Telescope spots supernova explosion as it unfolds.
When stars explode, they generally do it so quickly that astronomers only spy the remnants of the event. But in a rare stroke of luck, a satellite has caught the X-ray burst of a dying star as the event actually unfolded.
The finding, which appears in today's issue of Nature1, confirms a decades-old theory that suggests such X-ray signals would occur as a result of supernovae. It also suggests that future missions will see many more stars in the act of exploding.
A star lives its life in a balancing act: gravity crushes its gas, while the energy of nuclear fusion pushes it back outward. But when a star runs out of fuel, gravity wins, and the star suddenly and catastrophically collapses. In massive stars, the rebound from that rapid compression is a massive explosion — a supernova.
Caught in the act
There is no way to predict exactly where and when in the Universe a supernova will occur, says Alicia Soderberg, a postdoctoral researcher at Princeton University in New Jersey. "It only lasts a few minutes and it is difficult to catch that signal," she says. Before now, astronomers were only able to look at the afterglows of supernovae.
That is exactly what Soderberg herself was doing on 9 January 2008, when she spotted the explosion. She was using NASA's Swift gamma-ray burst satellite to observe the remnants of a supernova in a nearby galaxy, when a sudden X-ray burst flared up. The X-ray flash lasted just minutes, but right away, she knew what she was seeing.
"I immediately triggered observations at all the telescopes I could get my hands on," she recalls. Observatories around the world turned their eyes to the distant galaxy and observed the explosion as it faded. The result is perhaps the most complete record of a supernova to date.
“I definitely won the astronomical lottery. Alicia Soderberg , Princeton University”
The sighting provides new clues about how the star died, she says. It seems to have been behaving perfectly normally up until the instant of its death. "It was going strong until the last minute," Soderberg says.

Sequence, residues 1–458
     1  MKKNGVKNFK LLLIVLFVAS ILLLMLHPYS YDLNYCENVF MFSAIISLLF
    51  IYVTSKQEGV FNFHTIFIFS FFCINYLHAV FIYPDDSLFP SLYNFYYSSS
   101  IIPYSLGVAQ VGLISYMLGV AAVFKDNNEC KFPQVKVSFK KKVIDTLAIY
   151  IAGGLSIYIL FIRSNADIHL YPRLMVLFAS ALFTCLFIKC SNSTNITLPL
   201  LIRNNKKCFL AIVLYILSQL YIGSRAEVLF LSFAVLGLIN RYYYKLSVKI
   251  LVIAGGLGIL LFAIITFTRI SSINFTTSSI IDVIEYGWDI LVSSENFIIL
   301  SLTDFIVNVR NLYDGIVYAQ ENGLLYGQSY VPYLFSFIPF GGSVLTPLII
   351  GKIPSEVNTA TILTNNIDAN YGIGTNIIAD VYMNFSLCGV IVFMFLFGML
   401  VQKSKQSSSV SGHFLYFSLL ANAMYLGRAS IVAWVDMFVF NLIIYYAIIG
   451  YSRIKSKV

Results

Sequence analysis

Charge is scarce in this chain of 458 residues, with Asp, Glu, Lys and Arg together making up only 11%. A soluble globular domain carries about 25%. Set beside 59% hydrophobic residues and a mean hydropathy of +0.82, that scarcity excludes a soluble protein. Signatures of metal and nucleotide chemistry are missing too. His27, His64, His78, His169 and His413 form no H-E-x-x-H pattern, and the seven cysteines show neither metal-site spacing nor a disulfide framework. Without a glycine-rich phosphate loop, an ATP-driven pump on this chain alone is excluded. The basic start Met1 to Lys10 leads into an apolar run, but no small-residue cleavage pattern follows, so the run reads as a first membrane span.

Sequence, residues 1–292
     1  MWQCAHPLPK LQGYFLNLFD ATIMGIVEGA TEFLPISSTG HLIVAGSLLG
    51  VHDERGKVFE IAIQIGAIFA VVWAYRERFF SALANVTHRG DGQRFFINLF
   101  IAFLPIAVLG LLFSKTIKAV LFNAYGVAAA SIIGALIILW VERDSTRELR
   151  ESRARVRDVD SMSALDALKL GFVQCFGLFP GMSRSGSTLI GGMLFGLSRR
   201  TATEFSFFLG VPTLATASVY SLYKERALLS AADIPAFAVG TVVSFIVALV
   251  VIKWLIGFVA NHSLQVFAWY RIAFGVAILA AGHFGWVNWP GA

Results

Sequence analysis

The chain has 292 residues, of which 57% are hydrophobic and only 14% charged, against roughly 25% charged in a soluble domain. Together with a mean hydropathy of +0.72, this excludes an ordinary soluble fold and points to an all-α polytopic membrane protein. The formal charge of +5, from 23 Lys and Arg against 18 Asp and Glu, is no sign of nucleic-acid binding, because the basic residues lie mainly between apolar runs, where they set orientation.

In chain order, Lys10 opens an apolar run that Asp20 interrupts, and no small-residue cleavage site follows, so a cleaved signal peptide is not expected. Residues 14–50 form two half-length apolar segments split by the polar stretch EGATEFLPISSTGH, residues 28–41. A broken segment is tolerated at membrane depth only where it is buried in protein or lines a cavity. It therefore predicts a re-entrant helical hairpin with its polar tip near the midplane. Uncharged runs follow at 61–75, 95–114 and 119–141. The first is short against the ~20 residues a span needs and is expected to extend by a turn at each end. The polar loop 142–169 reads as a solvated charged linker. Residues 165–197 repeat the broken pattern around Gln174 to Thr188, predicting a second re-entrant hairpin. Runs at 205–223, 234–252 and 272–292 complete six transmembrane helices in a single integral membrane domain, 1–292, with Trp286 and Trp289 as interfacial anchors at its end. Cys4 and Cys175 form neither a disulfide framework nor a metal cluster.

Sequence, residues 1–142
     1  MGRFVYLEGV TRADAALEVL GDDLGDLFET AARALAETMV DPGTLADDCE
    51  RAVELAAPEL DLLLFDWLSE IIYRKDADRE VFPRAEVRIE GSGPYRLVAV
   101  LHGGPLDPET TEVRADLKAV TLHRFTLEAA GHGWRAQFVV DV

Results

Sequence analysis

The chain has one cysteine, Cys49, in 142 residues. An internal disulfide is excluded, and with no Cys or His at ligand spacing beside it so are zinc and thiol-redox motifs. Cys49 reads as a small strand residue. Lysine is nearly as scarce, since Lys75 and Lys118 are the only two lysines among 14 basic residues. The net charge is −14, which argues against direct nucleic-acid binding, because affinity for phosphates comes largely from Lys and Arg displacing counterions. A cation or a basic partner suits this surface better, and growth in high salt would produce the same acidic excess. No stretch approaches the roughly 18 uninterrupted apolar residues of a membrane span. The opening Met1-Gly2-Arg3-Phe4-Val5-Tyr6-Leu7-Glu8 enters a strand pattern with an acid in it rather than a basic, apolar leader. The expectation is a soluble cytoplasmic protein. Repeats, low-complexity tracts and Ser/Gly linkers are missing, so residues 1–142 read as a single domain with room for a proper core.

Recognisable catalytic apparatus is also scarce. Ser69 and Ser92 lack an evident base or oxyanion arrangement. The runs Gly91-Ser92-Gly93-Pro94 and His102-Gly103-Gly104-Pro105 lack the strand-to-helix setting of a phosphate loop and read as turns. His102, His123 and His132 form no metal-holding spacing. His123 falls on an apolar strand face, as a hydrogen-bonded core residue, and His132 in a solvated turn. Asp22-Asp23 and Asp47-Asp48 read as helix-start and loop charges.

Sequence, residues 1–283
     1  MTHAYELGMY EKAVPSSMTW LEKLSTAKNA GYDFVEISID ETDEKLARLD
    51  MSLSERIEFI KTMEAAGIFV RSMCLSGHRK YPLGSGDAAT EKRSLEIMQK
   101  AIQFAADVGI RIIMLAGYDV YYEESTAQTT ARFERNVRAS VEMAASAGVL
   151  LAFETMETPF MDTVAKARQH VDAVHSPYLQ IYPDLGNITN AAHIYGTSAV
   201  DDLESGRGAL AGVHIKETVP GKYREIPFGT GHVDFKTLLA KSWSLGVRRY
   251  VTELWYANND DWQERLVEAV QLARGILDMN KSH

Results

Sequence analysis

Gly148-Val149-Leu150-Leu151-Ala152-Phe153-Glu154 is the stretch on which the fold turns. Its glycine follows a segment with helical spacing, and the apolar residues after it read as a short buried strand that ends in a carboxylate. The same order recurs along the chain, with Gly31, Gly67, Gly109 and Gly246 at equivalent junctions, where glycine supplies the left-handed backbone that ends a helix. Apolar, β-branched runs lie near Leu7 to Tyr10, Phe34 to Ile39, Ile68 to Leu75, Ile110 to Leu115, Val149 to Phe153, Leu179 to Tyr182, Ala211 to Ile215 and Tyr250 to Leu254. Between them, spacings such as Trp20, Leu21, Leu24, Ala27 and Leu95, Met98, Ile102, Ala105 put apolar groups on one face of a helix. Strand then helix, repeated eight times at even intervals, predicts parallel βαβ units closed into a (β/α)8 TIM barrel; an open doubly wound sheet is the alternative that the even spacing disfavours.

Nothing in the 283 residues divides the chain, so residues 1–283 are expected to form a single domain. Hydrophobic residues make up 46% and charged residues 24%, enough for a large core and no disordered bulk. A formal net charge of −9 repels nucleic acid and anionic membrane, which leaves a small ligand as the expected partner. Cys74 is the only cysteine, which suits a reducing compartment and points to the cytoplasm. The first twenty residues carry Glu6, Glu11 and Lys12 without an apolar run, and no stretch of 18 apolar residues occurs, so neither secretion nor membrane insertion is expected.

In those final minutes, the star's inner core suddenly and violently fell in on itself. According to theory, the core rebounded outwards, colliding with the star's outer shell and creating the X-rays caught by the Swift satellite.
The sighting confirms the theory that supernovae are accompanied by X-ray bursts, says Roger Chevalier, an astronomer at the University of Virginia in Charlottesville. "The amount of energy [the astronomers] see fits quite well with the model," he says.
Chevalier says that the team was lucky to catch the supernova in the act, and Soderberg agrees: "I definitely won the astronomical lottery."
But future observers may not have to rely on luck to make similar finds, she says. A new generation of X-ray telescopes is now being planned, which can observe wide swathes of the sky. Now that the presence of an X-ray supernova signature has been confirmed, these instruments should be able to spot similar explosions with great regularity. "The whole field of supernovae is really going to change," Soderberg says.
[Author]Soderberg, A. M.[/Author] et al. [Journal Title]Nature[/Journal Title] [Volume]453,[/Volume] [Pages]469–474[/Pages] ([Year]2008[/Year]).